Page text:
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In re Commodity Futures Trading Commission

United States Court of Appeals, Seventh Circuit

October 22, 2019

In the Matter of: Commodity Futures Trading Commission, Petitioner. Kraft Foods Group, Inc., and Mondelez Global LLC, Parties in Interest.

          Submitted October 15, 2019

          Petition for a Writ of Mandamus to the United States District Court for the Northern District of Illinois, Eastern Division. No. 15 C 2881 - John Robert Blakey, Judge.

          Before Easterbrook, Ripple, and Sykes, Circuit Judges.


         In 2015 the Commodity Futures Trading Commission filed a civil action against Kraft Foods Group and Mondelez Global. It was settled in August 2019, and the parties' bargain, which the judge entered as a consent decree, includes this provision:

Neither party shall make any public statement about this case other than to refer to the terms of this settlement agreement or public documents filed in this case, except any party may take any lawful position in any legal proceedings, testimony or by court order.

         Shortly after the district court entered its order, the Commission issued a press release announcing the suit's resolution. Two Commissioners (Dan Berkovitz and Rostin Behnam) filed statements explaining why they voted in favor of accepting this settlement.

         Kraft and Mondelez asked the district judge to hold the Commission and Commissioners in contempt of court for issuing the press release and concurring statements. The district judge set the motion for a hearing and directed Chairman Heath Tarbert, Commissioners Berkovitz and Behnam, the Commission's Director of Enforcement, and several of the Commission's other employees to appear in court and testify under oath. The judge stated that he would administer Miranda warnings to these witnesses in preparation for a finding of criminal contempt and would demand that the witnesses explain the thinking behind the press release and the separate statements. Chairman Tarbert and the Commissioners protested. After a motion asking the district court to lift the demand for their presence and the threat of criminal sanctions went unaddressed for approximately two weeks, and the date scheduled for the hearing approached, the Commission filed a petition for a writ of mandamus. A motions panel issued a stay pending further order of this court.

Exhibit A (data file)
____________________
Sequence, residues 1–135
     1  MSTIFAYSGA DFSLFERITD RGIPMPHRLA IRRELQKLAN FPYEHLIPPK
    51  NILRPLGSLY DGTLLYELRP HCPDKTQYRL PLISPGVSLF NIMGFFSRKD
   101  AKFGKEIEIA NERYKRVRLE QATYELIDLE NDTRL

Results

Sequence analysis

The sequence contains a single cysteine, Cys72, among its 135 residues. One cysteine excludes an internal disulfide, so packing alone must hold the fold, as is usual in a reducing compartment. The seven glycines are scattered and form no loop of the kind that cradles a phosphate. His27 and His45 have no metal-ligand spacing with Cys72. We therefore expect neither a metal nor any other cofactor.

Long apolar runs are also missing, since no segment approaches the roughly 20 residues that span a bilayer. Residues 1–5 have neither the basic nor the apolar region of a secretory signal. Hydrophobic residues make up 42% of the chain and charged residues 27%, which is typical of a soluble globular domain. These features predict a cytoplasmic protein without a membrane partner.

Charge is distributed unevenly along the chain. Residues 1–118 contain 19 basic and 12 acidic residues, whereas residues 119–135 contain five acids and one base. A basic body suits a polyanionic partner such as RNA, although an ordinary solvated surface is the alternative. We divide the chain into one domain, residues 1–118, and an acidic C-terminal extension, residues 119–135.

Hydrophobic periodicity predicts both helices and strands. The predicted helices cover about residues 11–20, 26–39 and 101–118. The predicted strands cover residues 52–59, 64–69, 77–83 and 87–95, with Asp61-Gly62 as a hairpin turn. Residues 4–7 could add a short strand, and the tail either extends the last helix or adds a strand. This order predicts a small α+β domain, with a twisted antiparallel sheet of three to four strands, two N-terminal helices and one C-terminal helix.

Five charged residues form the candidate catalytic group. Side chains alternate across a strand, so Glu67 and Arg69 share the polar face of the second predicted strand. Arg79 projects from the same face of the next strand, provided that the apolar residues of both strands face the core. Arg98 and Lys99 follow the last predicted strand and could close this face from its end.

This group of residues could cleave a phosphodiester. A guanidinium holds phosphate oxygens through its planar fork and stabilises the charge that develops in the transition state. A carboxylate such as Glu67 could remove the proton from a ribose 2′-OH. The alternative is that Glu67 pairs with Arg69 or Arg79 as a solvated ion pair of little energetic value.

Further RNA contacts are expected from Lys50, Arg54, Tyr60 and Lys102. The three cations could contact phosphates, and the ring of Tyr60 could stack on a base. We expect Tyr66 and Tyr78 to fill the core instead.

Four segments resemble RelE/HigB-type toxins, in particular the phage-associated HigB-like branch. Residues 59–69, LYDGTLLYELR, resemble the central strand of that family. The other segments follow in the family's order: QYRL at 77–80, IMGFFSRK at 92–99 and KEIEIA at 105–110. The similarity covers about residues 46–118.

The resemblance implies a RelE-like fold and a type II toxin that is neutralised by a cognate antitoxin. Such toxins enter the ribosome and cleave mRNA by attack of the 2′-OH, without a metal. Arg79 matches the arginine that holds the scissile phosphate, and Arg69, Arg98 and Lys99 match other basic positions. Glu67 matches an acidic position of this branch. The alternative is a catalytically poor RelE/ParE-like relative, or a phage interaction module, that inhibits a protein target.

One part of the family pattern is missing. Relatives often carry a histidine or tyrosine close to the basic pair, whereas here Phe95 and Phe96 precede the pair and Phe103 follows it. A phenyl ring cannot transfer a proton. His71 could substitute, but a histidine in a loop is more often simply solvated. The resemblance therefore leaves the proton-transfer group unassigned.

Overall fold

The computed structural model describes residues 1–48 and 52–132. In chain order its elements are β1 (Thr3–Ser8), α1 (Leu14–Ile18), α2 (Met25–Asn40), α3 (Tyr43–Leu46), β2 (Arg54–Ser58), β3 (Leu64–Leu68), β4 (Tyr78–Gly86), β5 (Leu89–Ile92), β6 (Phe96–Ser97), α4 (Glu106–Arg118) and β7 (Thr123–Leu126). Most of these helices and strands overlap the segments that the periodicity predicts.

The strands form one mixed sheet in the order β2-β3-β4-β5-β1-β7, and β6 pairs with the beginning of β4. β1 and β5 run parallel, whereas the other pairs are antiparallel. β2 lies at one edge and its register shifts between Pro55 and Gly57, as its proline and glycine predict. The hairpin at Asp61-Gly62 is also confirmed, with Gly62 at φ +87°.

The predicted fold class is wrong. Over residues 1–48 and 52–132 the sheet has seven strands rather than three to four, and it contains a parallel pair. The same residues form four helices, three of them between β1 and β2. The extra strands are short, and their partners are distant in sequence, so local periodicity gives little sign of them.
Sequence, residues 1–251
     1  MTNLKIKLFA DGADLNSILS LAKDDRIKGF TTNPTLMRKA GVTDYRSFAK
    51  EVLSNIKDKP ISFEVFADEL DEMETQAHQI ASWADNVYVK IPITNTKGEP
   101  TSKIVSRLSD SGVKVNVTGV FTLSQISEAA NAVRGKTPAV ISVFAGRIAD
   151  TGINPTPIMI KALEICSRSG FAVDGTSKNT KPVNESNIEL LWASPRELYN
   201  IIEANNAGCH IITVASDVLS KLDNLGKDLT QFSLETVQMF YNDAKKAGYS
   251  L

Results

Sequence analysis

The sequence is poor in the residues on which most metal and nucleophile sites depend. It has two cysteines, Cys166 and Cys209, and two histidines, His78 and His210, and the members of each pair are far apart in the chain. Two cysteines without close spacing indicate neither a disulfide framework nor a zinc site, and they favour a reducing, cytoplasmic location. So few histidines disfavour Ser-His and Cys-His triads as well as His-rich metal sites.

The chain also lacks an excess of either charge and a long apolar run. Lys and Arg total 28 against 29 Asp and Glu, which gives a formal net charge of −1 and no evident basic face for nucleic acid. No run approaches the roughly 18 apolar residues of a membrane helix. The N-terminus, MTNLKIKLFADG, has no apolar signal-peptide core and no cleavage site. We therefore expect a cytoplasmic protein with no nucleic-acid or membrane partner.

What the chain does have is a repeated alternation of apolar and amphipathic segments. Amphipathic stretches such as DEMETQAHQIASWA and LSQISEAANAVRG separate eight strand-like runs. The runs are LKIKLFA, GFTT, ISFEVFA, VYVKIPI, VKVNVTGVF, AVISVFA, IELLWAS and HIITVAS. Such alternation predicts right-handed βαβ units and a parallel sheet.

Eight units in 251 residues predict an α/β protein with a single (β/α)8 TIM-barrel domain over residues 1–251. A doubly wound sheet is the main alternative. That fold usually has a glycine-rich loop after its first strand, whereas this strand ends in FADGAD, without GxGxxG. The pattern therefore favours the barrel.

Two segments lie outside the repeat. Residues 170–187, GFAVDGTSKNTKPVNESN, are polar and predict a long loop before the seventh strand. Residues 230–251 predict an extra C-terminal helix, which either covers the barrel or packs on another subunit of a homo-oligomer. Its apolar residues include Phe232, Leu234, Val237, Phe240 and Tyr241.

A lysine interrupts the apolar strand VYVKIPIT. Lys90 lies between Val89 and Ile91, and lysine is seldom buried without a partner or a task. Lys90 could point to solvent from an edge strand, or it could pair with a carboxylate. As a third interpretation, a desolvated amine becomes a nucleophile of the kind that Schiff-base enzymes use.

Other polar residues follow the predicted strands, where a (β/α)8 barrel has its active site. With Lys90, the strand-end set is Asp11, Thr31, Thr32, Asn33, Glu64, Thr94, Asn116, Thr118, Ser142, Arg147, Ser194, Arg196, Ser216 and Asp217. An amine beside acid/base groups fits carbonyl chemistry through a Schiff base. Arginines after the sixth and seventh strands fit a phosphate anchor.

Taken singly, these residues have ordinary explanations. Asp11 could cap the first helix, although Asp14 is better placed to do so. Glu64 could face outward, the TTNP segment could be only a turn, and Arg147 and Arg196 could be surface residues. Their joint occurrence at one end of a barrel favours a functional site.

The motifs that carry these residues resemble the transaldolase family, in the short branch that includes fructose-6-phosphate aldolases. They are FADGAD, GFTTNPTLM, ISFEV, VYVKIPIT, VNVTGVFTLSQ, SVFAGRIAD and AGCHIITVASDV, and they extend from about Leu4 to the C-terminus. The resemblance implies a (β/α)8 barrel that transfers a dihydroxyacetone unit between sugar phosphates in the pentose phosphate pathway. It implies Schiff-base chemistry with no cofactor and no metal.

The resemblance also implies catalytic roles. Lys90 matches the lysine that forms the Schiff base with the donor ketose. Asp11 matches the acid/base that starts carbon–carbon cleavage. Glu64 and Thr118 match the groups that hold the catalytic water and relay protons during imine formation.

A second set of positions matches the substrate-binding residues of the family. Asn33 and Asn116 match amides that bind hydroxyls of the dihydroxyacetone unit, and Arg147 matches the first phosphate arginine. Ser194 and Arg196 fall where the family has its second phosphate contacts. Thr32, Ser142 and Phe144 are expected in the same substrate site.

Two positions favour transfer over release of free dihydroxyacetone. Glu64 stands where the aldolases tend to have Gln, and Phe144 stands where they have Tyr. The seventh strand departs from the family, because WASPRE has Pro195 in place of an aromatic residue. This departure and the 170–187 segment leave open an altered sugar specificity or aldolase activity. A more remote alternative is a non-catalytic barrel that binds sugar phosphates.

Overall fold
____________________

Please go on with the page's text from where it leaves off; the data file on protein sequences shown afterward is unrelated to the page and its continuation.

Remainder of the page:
We also ordered all of the papers to be placed in the public record. The district judge had directed the parties not to say anything in public about the upcoming hearing and to keep all of their legal filings secret, an order that is inconsistent with the law of this circuit. See, e.g., Union Oil Co. v. Leavell, 220 F.3d 562, 567-68 (7th Cir. 2000); Herrnreiter v. Chicago Housing Authority, 281 F.3d 634, 636-37 (7th Cir. 2002). Those two decisions hold that a confidentiality clause in the litigants' agreement does not authorize secret adjudication.

         We ordered Kraft and Mondelez to respond to the petition and invited the district judge to do so. See Fed. R. App. P. 21(b)(1), (4). The district judge's response states, among other things, that he no longer contemplates the possibility of criminal contempt, so that aspect of the controversy has dropped out. Everything we say from now on concerns civil contempt only.

         Chairman Tarbert and Commissioners Berkovitz and Behnam have moved for leave to intervene. We grant that motion. Although the Commission is representing their interests adequately for the present, the threat of being personally penalized for contempt of court entitles them to be litigants in their own right, so that they may take such steps as they deem wise to protect their personal interests.

         Mandamus is a drastic remedy, reserved for urgent needs, but, for all that, it remains available to a litigant who can establish a clear right to relief and lacks any other way to protect his or her rights. See, e.g., Cheney v. United States District Court, 542 U.S. 367 (2004); Ex parte Fahey, 332 U.S. 258 (1947).

         The district court's order directing the Chairman and two members of the Commission, plus members of the staff, to appear for questioning in open court cannot be reviewed on appeal from a final decision. The time taken away from their official duties will be lost forever.

         Cheney holds that mandamus is the appropriate remedy when a district court has authorized an inquest into the internal deliberations of the Executive Branch's senior officials. See also, e.g., In re United States,398 F.3d 615 (7th Cir. 2005). That's a good description of the order requiring the Chairman and two Commissioners, appointed by the President on advice and consent of the Senate, to appear and reveal what lies behind their published words. Many decisions hold that mandamus is appropriate when a district judge inappropriately compels a ranking federal official to appear personally rather than by counsel. See, e.g., In re United States,624 F.3d 1368, 1372 (11th Cir. 2010); In re Cheney,544 F.3d 311, 314 (D.C. Cir. 2008); In re United States,197 F.3d 310, ...

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